Introducing: Your Skin Microbiome



When it comes to skincare science, the literature is evergrowing and the interest unparalleled.

New information is constantly coming to light that debunks what we thought we knew about the skin and how to look after it. Over the past few years, our team of scientists have found themselves intrigued by the living microorganisms that inhabit the outer layer of the skin.


The skin is the largest organ in the body and serves as the first layer of defense against external forces. On the surface of the skin sits an organic ecosystem made up of trillions of good bacteria that come together to keep our skin healthy. This ecosystem is called the skin microbiome.


You might associate the term bacteria with negative connotations, but let’s start by removing the misconception that all bacteria are bad. In fact, the majority of the human body is made of bacteria that allow us to be healthy.


Just like your fingerprints, your skin microbiome is unique to you. It is dictated by the country you live in, the degree of pollution you are exposed to, the skincare products you use on a daily basis, and the degree of UV rays you subject yourself to. Even your diet can impact your skin microbiome, which shouldn’t be a surprise as you must have heard of the correlation between eating certain foods and the impact they have on the appearance of the skin.



What does the skin microbiome do?


  1. Fight infections

  2. Control inflammation

  3. Boost your immune system

  4. Maintains the health of your skin


It is important to understand that the skin microbiome is made of living microorganisms that need to be looked after. When bad bacteria grows and outbalances good bacteria, it can lead to skin conditions like rosacea, acne, skin sensitivity, and others.


What is a balanced skin microbiome?


A balanced skin microbiome refers to when the bacteria on the skin are well divided up and no one bacteria is overpowering another. It may sound incredibly complex, but it’s truly a simple concept. Each bacteria has a role to play and should not step outside of its role and optimal volume. When some bacteria overpower others, you will see the physical signs by way of more texture, pigmentation, sensitivity, and other visible skin traits that you will spend far too long trying to decode.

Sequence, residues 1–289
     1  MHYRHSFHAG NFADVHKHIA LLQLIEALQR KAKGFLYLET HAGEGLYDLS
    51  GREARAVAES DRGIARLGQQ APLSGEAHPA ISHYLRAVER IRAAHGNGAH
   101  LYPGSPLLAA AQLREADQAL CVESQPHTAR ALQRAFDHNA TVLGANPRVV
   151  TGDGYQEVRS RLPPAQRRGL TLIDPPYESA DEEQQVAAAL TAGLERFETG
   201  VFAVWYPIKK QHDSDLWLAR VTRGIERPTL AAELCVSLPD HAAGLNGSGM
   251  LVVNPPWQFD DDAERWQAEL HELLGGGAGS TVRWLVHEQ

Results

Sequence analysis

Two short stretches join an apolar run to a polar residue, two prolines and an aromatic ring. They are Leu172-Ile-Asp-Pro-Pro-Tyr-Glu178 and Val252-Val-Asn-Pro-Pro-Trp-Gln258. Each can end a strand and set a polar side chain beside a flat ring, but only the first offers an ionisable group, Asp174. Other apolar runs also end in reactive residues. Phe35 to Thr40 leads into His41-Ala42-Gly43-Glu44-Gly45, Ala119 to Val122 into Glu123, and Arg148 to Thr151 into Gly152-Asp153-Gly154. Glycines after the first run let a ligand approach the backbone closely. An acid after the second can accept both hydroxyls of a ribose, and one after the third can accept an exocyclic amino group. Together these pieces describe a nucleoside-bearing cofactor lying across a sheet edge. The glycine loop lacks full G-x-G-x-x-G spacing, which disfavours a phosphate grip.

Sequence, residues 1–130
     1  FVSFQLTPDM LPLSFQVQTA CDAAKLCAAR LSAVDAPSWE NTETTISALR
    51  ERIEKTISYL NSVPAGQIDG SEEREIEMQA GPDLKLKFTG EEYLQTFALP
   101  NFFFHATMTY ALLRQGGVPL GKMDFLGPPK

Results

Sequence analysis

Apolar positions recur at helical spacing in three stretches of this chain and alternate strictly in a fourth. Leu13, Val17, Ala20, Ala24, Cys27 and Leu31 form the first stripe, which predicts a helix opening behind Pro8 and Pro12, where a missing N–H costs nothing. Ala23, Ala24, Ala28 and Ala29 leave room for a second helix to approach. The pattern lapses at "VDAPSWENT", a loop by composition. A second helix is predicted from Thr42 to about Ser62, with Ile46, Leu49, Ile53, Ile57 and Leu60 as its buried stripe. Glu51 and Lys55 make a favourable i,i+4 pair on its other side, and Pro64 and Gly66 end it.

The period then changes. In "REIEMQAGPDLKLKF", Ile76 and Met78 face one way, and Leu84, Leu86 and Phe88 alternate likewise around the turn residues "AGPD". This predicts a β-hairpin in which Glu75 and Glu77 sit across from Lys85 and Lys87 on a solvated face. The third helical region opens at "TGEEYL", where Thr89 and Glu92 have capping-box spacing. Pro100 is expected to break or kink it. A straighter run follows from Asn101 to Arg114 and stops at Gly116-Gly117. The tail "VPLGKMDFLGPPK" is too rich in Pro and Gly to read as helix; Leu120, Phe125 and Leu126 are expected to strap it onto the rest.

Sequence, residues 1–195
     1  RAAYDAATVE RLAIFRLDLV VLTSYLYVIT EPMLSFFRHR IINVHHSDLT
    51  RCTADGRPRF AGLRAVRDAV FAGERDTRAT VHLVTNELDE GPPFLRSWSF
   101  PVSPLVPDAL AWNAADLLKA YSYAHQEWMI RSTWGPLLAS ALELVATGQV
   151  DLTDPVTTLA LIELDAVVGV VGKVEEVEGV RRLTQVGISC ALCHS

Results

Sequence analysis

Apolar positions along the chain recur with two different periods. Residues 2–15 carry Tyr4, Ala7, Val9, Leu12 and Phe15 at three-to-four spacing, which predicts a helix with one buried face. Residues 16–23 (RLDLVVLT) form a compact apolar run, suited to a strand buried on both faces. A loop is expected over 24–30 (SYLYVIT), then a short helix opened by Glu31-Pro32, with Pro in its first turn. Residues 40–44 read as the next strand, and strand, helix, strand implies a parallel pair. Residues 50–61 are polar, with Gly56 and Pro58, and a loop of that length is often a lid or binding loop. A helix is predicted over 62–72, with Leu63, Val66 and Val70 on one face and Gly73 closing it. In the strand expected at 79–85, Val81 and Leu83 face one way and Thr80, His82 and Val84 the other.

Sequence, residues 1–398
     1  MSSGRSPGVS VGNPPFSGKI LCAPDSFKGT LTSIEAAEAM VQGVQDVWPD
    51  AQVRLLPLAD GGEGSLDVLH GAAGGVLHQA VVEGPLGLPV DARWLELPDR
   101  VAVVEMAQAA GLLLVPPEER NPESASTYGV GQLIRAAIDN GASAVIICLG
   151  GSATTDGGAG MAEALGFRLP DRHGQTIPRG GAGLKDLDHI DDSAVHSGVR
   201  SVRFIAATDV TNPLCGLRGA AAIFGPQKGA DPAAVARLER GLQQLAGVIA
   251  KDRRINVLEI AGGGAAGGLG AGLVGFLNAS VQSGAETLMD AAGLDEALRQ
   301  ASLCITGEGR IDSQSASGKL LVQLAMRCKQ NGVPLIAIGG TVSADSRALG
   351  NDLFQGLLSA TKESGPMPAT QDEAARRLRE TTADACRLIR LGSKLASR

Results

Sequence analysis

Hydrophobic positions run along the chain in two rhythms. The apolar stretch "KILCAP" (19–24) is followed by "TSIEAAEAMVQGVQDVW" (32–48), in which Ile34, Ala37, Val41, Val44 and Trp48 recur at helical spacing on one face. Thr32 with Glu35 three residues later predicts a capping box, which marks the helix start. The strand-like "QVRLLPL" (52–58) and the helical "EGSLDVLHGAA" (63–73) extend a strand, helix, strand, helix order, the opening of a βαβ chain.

You may run to find products to make the appearance of your skin smoother and supple, but if you don’t understand why you’re looking for certain skincare products, you’ll struggle in figuring out where to turn your attention.





An imbalanced skin microbiome can be easily targeted with the help of sound ingredients fused together to target your specific skin needs. In fact, it has been researched and found that the use of prebiotics and postbiotics can be incredibly effective in fostering a healthy skin microbiome.


You might wonder what prebiotics and postbiotics are.


You might even have heard the term probiotics thrown around by skincare companies or even dietitians.


At their core prebiotics are molecules that are food for nurturing good bacteria to grow, whereas postbiotics are the byproduct of fermented live bacteria (probiotics) or inactivated microorganisms. These ingredients supplement the skin microbiome and feed good bacteria within the skin to grow and nurture the skin, resulting in healthier skin.


If you want a skincare product that will supplement your skin with the prebiotics and postbiotics that your microbiome needs, check out our face mask for the supplementary boost you’ve been missing.



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Lexicon


Skin Microbiota: an organic ecosystem made up of trillions of good and bad bacteria that sit on the surface of your skin.


Skin Microbiome: refers to the collection of the genome from all the microorganisms that sit on the surface of your skin.


Bacteria: bacteria are single-cell organisms that live everywhere on earth, including on the surface of the skin.


Microorganisms: microscopic organisms that are found all around us and even inside our bodies. Also known as microbes, microorganisms include a massive range of organisms such as bacteria, fungi, and viruses.


Prebiotic: Prebiotics act as food for the microorganisms on the skin and the rest of the body. Prebiotics help to allow good bacteria to grow and thrive.


Postbiotic: Postbiotics are the byproduct of fermented live bacteria (probiotics) or inactivated microorganisms.

Probiotic: Probiotics are living microorganisms that confer benefits to the host when applied to the body.



Reference list


Byrd, A.L., Belkaid, Y. and Segre, J.A. (2018). The human skin microbiome. Nature Reviews Microbiology, [online] 16(3), pp.143–155. doi:10.1038/nrmicro.2017.157.

Patel, R.M. and Denning, P.W. (2013). Therapeutic Use of Prebiotics, Probiotics, and Postbiotics to Prevent Necrotizing Enterocolitis. Clinics in Perinatology, [online] 40(1), pp.11–25. doi:10.1016/j.clp.2012.12.002.

Sfriso, R., Egert, M., Gempeler, M., Voegeli, R. and Campiche, R. (2020). Revealing the secret life of skin ‐ with the microbiome you never walk alone. International Journal of Cosmetic Science, 42(2), pp.116–126. doi:10.1111/ics.12594.



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